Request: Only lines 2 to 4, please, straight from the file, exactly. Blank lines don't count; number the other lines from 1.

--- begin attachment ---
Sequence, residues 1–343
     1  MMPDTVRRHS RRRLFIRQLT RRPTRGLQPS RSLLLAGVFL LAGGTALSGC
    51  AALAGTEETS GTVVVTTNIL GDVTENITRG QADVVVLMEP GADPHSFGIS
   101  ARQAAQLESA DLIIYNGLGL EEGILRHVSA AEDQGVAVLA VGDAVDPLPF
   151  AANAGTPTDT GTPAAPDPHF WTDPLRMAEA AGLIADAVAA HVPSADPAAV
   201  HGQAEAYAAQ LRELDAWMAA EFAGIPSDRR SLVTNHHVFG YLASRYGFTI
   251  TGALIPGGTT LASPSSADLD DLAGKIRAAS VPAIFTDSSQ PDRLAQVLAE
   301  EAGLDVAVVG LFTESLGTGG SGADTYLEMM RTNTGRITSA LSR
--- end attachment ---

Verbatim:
     1  MMPDTVRRHS RRRLFIRQLT RRPTRGLQPS RSLLLAGVFL LAGGTALSGC
    51  AALAGTEETS GTVVVTTNIL GDVTENITRG QADVVVLMEP GADPHSFGIS
   101  ARQAAQLESA DLIIYNGLGL EEGILRHVSA AEDQGVAVLA VGDAVDPLPF